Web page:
The Extralegal Development of Securities Trading in Seventeenth Century Amsterdam

24 Pages Posted: 16 Sep 2010

See all articles by Edward Peter Stringham

Edward Peter Stringham

Trinity College; American Institute for Economic Research

Date Written: December 18, 2001


It is often argued that government rule enforcement is necessary for the development of a stock market (Glaeser, Johnson, & Shleifer, 2001). Work by Boot, Stuart, and Thakor (1993), Klein and Leffler (1981), and Telser (1980), however, suggests that repeated interaction and reputation can create incentives for contracts to be self-enforcing. This paper investigates these claims by examining the first stock market, the Amsterdam Bourse. At a time when many financial contracts were unenforceable in government courts the market developed surprisingly advanced trading instruments. Descriptions by seventeenth-century stockbroker, De la Vega [Confusion de Confusiones], indicate that a reputation mechanism enabled extralegal trading of relatively sophisticated contracts including short sales, forward contracts, and options.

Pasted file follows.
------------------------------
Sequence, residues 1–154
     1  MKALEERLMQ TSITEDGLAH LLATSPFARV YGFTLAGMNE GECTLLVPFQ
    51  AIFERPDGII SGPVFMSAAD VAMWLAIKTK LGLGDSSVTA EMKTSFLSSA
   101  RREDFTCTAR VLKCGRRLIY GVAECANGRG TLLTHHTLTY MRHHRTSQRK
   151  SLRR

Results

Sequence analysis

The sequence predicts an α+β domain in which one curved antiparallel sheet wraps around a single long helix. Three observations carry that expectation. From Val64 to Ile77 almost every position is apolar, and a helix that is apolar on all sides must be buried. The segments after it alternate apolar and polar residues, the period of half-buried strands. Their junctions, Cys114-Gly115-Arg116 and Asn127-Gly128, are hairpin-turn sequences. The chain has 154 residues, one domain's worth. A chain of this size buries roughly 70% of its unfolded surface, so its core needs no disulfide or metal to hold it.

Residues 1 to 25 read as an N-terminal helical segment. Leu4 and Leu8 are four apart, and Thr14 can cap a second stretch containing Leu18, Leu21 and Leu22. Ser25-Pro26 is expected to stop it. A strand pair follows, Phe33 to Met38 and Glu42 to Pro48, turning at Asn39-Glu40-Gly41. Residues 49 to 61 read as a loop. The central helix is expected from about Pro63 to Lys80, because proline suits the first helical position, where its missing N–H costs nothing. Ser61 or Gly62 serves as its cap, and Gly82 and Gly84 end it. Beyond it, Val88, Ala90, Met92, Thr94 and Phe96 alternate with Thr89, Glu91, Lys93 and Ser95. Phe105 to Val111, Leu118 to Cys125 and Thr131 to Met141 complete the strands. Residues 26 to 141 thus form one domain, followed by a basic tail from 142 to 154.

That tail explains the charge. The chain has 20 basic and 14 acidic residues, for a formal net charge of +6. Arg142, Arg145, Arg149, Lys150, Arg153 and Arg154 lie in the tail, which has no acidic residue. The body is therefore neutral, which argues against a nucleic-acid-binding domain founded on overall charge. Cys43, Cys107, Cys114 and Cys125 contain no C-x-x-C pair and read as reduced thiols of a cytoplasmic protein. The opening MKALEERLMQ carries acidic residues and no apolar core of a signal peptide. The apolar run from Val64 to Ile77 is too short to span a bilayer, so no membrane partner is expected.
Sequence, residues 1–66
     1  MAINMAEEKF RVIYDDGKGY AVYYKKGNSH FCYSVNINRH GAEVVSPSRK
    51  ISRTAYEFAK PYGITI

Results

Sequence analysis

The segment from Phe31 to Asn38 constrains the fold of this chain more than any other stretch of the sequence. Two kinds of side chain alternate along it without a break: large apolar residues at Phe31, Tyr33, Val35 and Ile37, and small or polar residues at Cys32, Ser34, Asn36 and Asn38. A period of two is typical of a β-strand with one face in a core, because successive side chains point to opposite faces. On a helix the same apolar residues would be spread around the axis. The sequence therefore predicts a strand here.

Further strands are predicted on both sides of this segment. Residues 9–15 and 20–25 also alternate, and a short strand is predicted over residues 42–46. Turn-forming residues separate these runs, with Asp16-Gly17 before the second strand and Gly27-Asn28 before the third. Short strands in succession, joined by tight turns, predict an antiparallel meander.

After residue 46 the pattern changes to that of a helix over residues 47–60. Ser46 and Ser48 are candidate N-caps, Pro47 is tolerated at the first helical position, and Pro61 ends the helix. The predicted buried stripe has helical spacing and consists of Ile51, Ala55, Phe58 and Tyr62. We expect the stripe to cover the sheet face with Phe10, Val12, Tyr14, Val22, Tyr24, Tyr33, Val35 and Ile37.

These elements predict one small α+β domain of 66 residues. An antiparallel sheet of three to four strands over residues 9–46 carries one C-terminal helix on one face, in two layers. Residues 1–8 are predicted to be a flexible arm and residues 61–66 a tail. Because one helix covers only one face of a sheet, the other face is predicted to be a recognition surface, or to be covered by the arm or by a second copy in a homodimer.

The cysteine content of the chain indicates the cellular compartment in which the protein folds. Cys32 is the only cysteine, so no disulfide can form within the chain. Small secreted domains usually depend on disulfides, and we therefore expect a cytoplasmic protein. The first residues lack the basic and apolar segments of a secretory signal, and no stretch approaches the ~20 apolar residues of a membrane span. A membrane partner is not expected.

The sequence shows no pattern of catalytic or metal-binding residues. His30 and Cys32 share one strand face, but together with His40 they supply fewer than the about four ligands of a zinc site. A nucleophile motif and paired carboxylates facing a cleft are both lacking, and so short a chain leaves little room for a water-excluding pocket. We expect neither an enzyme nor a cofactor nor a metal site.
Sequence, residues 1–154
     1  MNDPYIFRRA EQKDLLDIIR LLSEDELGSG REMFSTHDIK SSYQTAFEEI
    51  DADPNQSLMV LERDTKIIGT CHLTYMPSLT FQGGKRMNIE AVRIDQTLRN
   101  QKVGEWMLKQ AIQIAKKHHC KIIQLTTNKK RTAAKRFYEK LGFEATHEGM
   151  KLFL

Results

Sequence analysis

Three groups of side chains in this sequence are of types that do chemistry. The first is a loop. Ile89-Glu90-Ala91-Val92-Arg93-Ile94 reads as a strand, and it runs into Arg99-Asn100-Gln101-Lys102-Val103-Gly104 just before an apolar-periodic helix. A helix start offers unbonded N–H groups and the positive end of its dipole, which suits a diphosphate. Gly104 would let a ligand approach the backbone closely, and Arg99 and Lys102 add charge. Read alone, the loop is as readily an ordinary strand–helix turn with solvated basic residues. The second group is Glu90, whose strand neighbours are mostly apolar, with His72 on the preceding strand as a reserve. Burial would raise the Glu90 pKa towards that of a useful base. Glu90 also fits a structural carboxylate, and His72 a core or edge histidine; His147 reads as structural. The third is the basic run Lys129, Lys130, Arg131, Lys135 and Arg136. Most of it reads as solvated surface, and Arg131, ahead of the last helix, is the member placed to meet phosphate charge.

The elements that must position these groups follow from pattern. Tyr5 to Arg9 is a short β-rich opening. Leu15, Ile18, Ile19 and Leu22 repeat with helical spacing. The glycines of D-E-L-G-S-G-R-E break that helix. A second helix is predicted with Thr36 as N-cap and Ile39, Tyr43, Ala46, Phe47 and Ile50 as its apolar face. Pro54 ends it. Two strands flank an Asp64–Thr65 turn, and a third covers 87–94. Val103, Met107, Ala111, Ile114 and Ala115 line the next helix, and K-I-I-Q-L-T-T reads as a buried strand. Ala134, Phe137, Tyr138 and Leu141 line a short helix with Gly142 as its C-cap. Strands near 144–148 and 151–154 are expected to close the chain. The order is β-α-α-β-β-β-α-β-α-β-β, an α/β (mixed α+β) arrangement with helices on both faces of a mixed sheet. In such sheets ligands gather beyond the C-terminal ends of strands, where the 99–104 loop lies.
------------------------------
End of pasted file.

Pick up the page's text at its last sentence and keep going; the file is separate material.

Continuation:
Keywords: Extralegal, Enforcement, Reputation

JEL Classification: L14, N23, G28

Suggested Citation

Stringham, Edward Peter, The Extralegal Development of Securities Trading in Seventeenth Century Amsterdam (December 18, 2001). Quarterly Review of Economics and Finance, Vol. 43, No. 2, p. 321, 2003, Available at SSRN:

Edward Peter Stringham (Contact Author)

Trinity College ( email )

Hartford, CT 06106
United States

American Institute for Economic Research ( email )

PO Box 1000
Great Barrington, MA 01230
United States

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